Young fiddler thrills Chicago-area audience

Skogen Sällström is a talent not to be missed

Photo: Arthur Andersen  Sällström entertains the audience at Buik Recital Hall, completely immersed in the music.

Photo: Arthur Andersen
Sällström entertains the audience at Buik Recital Hall, completely immersed in the music.

Nancy Andersen
Chicago

The richly evocative tones of his Hardanger fiddle first came to the listeners from the rear of the hall as fiddler Skogen Sällström slowly made his way forward toward the stage, stepping in time to the music of “The Miller Boy’s Bridal March.” The music painted a wistful picture of the youth who traveled over mountains and fjords to watch the bridal procession of his beloved, who was to marry another. As the wedding celebration continued with dancing, the tempo of the fiddle music picked up, and Sällström’s foot tapped, and then stomped with the rhythm. The listeners unconsciously moved with the magnetic beat of the music. The story was as clearly illustrated with the changing tones and tempo, and the intensity of the artist, as if it had been painted.

Thus Skogen Sällström began his concert in Buik Recital Hall of Elmhurst College, west of Chicago, on August 16, 2015. With his violin and Hardanger fiddle, Skogen continued with many types of Norwegian dance music: vals, polka, halling, reinlender, and hoppvals. His immersion in the music was so complete that his fiddle seemed to be an extension of his body, as his fingers and bow flew, and the strongly accented portions flowed out through the rhythm of his foot on the floor boards. His sure touch on the strings produced delicate trills and cadences, along with the melancholy minor key chord progressions immediately recognizable as Norwegian. With one of the pieces written by his teacher, Sturla Eide, “Ants in Your Pants,” Skogen showed how he could play with a fast and rollicking bluegrass sound. Another by Eide, “The Farmer and the Gypsy Girl,” contrasted a traditional Norwegian country dance with a complex and captivating gypsy motif. The popular and charming gammeldans, “Bergrosa,” or Mountain Rose, by fiddler/composer Sven Nyhus, was played with lilting nuances.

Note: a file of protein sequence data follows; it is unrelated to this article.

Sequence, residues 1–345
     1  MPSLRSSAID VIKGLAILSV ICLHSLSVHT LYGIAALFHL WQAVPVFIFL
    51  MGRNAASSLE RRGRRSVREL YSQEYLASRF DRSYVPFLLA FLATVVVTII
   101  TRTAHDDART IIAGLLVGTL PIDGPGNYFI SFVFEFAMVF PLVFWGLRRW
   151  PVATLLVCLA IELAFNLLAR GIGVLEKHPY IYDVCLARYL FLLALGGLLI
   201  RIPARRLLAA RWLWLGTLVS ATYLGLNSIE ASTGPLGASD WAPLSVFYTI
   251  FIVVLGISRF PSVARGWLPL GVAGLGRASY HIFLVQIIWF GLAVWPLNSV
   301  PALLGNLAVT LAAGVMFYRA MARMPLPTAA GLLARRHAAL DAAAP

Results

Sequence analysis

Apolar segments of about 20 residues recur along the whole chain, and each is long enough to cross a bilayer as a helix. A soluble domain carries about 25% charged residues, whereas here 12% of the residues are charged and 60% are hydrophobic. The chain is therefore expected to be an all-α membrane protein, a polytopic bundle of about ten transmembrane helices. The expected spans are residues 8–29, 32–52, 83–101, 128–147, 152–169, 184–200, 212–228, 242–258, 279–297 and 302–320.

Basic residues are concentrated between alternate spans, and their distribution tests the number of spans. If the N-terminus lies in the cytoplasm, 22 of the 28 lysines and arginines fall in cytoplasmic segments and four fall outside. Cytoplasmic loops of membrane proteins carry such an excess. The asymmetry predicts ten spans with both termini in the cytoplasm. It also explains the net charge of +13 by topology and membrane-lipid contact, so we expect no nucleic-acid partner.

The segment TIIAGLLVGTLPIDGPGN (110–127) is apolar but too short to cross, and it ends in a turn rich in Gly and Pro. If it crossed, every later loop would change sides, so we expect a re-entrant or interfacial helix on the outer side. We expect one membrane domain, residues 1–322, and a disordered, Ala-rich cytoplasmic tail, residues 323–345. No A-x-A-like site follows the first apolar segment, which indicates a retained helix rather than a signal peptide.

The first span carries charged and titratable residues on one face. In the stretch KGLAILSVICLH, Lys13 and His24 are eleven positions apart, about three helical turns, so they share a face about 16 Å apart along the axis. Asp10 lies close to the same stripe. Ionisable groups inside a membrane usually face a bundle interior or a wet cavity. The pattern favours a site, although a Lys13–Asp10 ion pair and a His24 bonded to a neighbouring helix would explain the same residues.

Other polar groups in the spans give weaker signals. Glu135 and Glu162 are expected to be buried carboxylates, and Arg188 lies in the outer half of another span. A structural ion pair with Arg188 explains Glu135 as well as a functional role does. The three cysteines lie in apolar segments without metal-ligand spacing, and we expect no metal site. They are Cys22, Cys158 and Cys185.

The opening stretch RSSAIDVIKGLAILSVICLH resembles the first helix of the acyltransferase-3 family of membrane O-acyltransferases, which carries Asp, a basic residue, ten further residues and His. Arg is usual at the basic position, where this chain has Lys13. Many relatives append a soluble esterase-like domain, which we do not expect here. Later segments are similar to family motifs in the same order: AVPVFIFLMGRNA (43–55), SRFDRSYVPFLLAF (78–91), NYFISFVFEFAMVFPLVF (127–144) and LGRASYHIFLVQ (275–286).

Sällström concluded the concert with two of his own compositions: a halling played on the Hardanger fiddle, beginning with a slow pace that gradually picks up in rhythm, and a waltz with a melancholic tone played on the violin that evokes nostalgia for Norway. Both pieces were delightful, and showed how he is totally steeped in Norwegian folk music and its interpretation. Whatever Sällström plays, he conveys deep feelings through his masterful technique and his complete involvement in the music.

Skogen Sällström originally comes from Fairbanks, Alaska, but much of his life has been spent in Trondheim, Norway, immersed in music. His self-designed Master’s degree program at the music conservatory of the Norwegian University of Science and Technology in Trondheim spanned classical, traditional folk, and contemporary music. He has performed the Hardanger Fiddle Concerto No. 2: Tri Fjordar (Three Fjords) by twentieth century composer Geirr Tveitt with the Sør-Trøndelag Orchestra, and he has also performed with the well-known Norwegian folk-rock band, Vamp.

This ambitious and talented young musician is considering returning to the Chicago area for another concert in October of this year, with an accompanist to enable a broader range of program. Wherever you have opportunity to hear him, you will not be disappointed.

This article originally appeared in the Aug. 28, 2015, issue of the Norwegian American Weekly. To subscribe, visit SUBSCRIBE or call us at (206) 784-4617.

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